Published April 27, 2015-Updated March 15, 2018

The study of life is the domain of biology as a natural discipline. Biology examines all living organisms, and focuses on structure, function, growth, evolution, distribution, as well as the taxonomy of life forms. Life itself is hard to define, because there is such an extraordinary diversity in its manifestations. It is more like a process, rather than a substance or state. Is it possible to develop a definition for life? Is there something that is common to all life? A good definition must be broad enough to encompass all known life forms, as well as leave room for the forms of life that we probably find elsewhere in the universe. What about precursor or hybrid forms of life, like viruses? And what about artificial life? Furthermore, many properties of living things (for example, movement, orderliness, or energy use) can also occur in non-living things. Wind moves, crystals grow, and fire uses energy, but we do not consider these processes to be alive.


Life developed early in the history of the planet; it is worthwhile to review the timeframes.

  • The universe is approximately 13.7 billion years old; we currently believe that it had a starting point, the “Big Bang.”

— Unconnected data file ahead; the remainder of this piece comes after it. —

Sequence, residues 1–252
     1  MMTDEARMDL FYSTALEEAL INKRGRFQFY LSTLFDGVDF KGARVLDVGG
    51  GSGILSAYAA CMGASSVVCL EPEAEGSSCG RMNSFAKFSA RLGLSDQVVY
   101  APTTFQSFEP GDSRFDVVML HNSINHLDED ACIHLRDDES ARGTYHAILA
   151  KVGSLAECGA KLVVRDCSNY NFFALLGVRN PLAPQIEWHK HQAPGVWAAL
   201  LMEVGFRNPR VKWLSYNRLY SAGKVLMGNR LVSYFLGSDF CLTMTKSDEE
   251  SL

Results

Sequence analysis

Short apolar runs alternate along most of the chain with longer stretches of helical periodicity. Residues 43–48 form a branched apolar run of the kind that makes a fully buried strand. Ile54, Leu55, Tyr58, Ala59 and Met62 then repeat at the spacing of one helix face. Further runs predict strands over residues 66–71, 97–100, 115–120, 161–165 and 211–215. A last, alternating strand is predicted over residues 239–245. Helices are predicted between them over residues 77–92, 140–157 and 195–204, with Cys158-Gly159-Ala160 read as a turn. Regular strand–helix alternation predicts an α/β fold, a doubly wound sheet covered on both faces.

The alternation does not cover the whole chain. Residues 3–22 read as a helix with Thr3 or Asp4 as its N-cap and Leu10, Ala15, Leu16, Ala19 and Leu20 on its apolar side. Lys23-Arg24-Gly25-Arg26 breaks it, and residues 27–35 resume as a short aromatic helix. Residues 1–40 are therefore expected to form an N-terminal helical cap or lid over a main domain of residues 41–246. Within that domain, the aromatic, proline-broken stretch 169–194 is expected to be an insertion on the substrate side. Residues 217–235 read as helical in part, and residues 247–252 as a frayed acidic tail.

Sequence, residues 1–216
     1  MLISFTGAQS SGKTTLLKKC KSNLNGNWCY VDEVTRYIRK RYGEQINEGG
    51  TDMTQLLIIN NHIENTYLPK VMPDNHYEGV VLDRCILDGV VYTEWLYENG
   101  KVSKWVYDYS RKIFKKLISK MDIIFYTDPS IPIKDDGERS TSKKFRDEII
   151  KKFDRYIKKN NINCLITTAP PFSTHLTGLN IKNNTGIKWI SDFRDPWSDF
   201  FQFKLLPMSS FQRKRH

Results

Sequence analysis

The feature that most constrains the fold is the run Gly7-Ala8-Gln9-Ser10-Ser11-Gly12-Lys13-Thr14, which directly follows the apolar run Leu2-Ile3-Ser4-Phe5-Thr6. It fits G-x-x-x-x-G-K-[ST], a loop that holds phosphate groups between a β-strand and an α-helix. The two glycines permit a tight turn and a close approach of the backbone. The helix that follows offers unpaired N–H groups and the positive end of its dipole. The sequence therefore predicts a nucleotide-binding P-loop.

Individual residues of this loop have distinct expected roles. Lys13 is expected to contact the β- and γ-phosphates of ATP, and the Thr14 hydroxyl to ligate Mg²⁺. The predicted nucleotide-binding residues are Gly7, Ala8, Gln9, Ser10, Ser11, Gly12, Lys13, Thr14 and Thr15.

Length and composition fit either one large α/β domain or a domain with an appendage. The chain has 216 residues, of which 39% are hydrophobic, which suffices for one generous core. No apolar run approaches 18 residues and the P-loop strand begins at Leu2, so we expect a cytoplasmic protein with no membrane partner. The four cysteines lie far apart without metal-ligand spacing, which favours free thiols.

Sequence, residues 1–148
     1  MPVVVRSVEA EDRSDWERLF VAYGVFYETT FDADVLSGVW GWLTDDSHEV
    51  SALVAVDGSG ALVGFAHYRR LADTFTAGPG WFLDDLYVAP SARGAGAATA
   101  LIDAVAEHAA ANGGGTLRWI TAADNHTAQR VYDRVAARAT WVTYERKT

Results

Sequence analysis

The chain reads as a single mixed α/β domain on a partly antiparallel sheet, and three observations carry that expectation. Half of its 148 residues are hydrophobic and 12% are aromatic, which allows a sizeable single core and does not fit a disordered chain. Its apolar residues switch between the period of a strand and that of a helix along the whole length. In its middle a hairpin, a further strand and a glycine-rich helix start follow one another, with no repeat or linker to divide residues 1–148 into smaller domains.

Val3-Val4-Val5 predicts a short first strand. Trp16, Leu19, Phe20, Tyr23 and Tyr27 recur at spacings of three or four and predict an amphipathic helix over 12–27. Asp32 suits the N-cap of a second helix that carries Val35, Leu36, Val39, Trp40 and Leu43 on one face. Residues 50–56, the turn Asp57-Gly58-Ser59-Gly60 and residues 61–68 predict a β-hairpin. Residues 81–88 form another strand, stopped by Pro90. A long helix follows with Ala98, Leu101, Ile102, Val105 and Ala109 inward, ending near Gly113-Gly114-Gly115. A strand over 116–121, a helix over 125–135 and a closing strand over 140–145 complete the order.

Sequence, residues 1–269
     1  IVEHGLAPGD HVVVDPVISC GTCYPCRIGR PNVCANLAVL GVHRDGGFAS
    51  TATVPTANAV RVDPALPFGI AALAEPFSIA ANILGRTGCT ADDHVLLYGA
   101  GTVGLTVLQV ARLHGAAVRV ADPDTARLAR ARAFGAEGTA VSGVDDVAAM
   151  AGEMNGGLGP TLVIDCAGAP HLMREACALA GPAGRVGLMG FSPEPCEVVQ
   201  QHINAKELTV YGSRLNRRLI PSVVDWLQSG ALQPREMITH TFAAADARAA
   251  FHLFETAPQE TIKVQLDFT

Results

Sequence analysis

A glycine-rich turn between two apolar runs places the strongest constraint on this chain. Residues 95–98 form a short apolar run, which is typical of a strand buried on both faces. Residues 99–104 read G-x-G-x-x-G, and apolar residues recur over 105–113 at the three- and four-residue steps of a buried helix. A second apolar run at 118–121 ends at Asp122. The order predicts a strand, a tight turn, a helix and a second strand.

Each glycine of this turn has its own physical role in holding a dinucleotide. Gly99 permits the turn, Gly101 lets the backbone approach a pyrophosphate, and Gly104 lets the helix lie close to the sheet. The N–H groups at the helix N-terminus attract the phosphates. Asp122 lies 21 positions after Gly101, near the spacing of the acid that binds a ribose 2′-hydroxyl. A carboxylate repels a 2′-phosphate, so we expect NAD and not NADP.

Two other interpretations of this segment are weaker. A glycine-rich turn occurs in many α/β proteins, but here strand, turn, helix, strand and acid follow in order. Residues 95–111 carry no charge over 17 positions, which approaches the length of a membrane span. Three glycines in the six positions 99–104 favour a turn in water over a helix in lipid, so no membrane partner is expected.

• Our sun is about 5 billion years old. The earth, which was formed from an accumulation of cosmic dust, is around 4.6 billion years old.

  • The early earth, shortly after its formation 4.6 billion years ago, was a strange planet that could not have supported life by any definition we might use today.

  • However, 3.5 billion years ago (approximately 1 billion years after its formation), the earth was teeming with life in the form of organisms that resemble modern-day bacteria. This development is extremely fast, especially considering that the molten Earth needed half a billion years to cool enough to form a solid rock surface.

  • Some biologists now think that there is evidence for life even earlier, at about 4 billion years ago.

Most scientists today believe that life arose spontaneously from non-living matter. How exactly this happens is still a mystery, and even today many religious people believe that life could only have come into existence through an act of creation, based on a supreme being of some kind. Other scientists defend the “panspermia hypothesis,” which claims that life on earth arrived from other planets. Both of these alternatives circumvent the question of how living matter can emerge from non-living matter.

Building Blocks

The most fundamental property of life is a dependence on organic chemistry, a chemistry based on organic compounds (molecules built around carbon). There are four general classes of organic compounds:

  1. Amino acids: the building blocks of proteins.

  2. Nucleic acids: they include DNA and RNA.

  3. Carbohydrates: this class includes sugar, starch, and cellulose (wood fiber).

  4. Lipids: fats and hormones.